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GUESS WHO (PG-13) In this race-versed remake of 1968´s famed mixed-marriage comedy Guess Who´s Coming to Dinner, Bernie Mac plays a temperamental dad nonplussed by her daughter´s white boyfriend (Ashton Kutcher). Apart from a handful of intriguingly tense scenes, the remake avoids the complexities of race in America to become little more than a rip-off of Meet the Parents. Mac´s slow-burning presence and moments of effortless cool give Guess Who what little soul it has. CH
HITCH (PG-13) It´s a rare director and actor who can handle the contrapuntal demands of romantic comedy. As inoffensively lovable as Will Smith is, he makes a far better class clown than a love-burned romantic lead. ¨Hitch¨ is a Manhattan matchmaker schooling nerdy guys to romance their dream girls who must learn to love again from a newspaper gossip columnist (a brittle Eva Mendes). When Hitch coasts on factory-assembled comic convention (black guy teaches white guy how to play it coooool) the film is on firm ground. When it asks Mendes and Smith to summon up some chemistry, and heads toward a canned matrimonial denouement, the fun turns into grueling ordeal. FF
IMAX THEATER: Bugs! (NR) A praying mantis and a butterfly ¨star¨ in this documentary about the insects of the Borneo rainforest some of whom will be magnified 250,000 times their normal size on the IMAX screen. The Living Sea (NR) Humpback whales, golden jellyfish and giant clams star in this documentary about the diversity of undersea life, with music by Sting and narrated by Meryl Streep. (CH) Fernbank Museum of Natural History IMAX Theater, 767 Clifton Road. 404-929-6300. www.fernbank.edu.
THE INTERPRETER (PG-13) Despite the way it uses African genocide as rocket fuel for its thrill ride, Sydney Pollack´s film is a moderately stylish, serviceable drama about a United Nations interpreter (Nicole Kidman) raised in Africa who overhears a murder plot against the leader of her violence-torn African homeland. The Secret Service agent (Sean Penn) who initially thinks she may be involved in the assassination conspiracy transforms into her protector. The fact that Pollack had permission to shoot in the U.N. adds immeasurably to its slick good looks, though the film never follows through on its initial advocacy for peaceniking over warmongering. FF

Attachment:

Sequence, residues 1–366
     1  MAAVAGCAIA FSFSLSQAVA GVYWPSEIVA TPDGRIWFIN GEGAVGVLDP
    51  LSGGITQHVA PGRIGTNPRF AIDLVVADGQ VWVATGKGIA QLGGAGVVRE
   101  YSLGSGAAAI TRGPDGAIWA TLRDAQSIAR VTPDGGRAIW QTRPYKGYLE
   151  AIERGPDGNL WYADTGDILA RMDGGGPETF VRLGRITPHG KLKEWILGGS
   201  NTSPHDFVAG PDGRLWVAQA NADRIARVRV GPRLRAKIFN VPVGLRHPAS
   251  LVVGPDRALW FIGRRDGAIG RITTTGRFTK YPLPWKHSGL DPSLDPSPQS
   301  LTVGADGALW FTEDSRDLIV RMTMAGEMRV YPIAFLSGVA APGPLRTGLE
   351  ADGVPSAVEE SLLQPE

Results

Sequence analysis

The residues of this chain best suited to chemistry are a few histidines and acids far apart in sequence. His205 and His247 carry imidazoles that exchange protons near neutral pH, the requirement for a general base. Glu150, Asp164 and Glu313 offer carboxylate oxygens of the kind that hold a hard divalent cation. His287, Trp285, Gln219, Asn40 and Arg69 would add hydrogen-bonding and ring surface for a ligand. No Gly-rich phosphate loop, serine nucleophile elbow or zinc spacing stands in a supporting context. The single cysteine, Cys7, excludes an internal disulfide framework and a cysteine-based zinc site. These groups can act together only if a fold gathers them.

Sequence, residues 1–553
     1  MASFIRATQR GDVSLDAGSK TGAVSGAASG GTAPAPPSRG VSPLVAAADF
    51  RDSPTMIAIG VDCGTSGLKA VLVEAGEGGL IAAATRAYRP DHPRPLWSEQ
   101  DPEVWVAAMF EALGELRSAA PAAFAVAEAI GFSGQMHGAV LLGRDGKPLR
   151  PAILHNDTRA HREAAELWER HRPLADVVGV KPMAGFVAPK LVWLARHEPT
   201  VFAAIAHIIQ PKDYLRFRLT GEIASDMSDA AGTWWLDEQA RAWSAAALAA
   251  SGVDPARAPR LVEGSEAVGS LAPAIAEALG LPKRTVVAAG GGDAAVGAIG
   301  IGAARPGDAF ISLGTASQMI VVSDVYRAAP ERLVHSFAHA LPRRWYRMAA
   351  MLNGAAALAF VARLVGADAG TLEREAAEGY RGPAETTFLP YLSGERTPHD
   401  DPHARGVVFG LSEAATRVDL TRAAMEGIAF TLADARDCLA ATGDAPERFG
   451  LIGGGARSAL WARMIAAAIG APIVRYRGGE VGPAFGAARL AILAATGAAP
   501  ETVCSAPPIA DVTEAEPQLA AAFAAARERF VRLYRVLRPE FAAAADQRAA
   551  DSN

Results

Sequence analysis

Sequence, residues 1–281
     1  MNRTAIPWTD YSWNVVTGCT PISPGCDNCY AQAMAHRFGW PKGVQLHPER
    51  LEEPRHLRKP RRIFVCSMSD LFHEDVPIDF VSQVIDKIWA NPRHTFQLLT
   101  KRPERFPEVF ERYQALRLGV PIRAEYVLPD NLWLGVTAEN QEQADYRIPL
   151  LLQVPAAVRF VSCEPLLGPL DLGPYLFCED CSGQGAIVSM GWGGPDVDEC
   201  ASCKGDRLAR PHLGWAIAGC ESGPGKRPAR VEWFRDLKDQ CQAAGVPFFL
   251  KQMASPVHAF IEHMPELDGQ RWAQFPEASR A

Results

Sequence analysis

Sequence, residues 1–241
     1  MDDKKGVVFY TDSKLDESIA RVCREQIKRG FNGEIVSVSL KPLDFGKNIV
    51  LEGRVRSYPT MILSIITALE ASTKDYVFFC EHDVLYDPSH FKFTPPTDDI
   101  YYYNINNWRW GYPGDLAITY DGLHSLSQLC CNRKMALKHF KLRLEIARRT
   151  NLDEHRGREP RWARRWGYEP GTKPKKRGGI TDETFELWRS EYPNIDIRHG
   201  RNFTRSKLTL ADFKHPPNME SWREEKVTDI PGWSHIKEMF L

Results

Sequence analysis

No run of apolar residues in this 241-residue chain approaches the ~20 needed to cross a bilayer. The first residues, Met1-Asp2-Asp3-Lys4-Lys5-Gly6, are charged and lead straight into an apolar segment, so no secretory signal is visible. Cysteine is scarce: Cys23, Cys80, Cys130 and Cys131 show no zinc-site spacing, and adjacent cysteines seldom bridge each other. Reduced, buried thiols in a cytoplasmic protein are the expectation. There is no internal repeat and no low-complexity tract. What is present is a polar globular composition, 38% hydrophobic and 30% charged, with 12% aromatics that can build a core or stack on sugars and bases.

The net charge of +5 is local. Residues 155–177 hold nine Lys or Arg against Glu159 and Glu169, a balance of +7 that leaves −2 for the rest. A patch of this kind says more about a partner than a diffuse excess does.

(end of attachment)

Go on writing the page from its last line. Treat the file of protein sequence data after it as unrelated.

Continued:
KING´S RANSOM (PG-13) Plus-sized comedian Anthony Anderson stars in this comedy about an arrogant businessman who engineers his own kidnapping to keep his soon-to-be ex-wife from cashing in on their divorce. In the tradition of Ruthless People, things don´t go according to plan.
KUNG FU HUSTLE (R) Stephen Chow, director of the little-seen but superbly silly Shaolin Soccer, drop-kicks the kung fu genre in this goofy, gravity-defying combo of two-fisted action flick and anything for a laugh parody. Matrix-style computer effects serve inventive, Mad Magazine-style sight gags, in which gangsters break into dance routines and middle-aged dorks turn out to be martial arts masters. If a bit more cartoonish than necessary, Kung Fu Hustle still puts a supersonic spin on the chop-sockey flick. CH
A LOT LIKE LOVE (PG-13) It´s When Ashton Met Amanda in this serendipitous romantic comedy about two young hotties (Ashton Kutcher and Amanda Peet) who meet on an airplane, declare themselves incompatible, then keep running into each other over the next seven years. I wonder if those crazy kids will finally get together?
MELINDA AND MELINDA (PG-13) Woody Allen sets his comedic instincts head-to-head with his dramatic aspirations in this film that presents roughly the same story twice, alternating between comedic and tragic spins of similar events. Radha Mitchell plays a self-loathing boozehound in one, a sexy free spirit in the other, but in each reveals the fissures in some friends´ marriage. As Woody Allen´s surrogate neurotic wise-cracker, Will Farrell makes the humorous half pleasant enough, but the self-important ¨tragic¨ portion proves weirdly, inhumanly stilted. Melinda and Melinda´s intriguing premise only proves that a lousy tragedy isn´t as good as a passable comedy. CH
MILLIONS (PG) Danny Boyle (Trainspotting, 28 Days Later) applies his special effect-heavy hand to the story of 7-year-old Damian (a routinely adorable and freckled Alex Etel) whose imaginary friends are Catholic saints. When a bag stuffed with money falls from a passing train, Damian wants to give the windfall to charity and his older brother wants to invest it in real estate. But the saints and the spiritual dilemma of how to spend that money are just two of Boyle´s many passing fancies. He is far more interested in doing visual loop-de-loops and imagining that childhood wonder is best evoked with gee-whiz effects. FF
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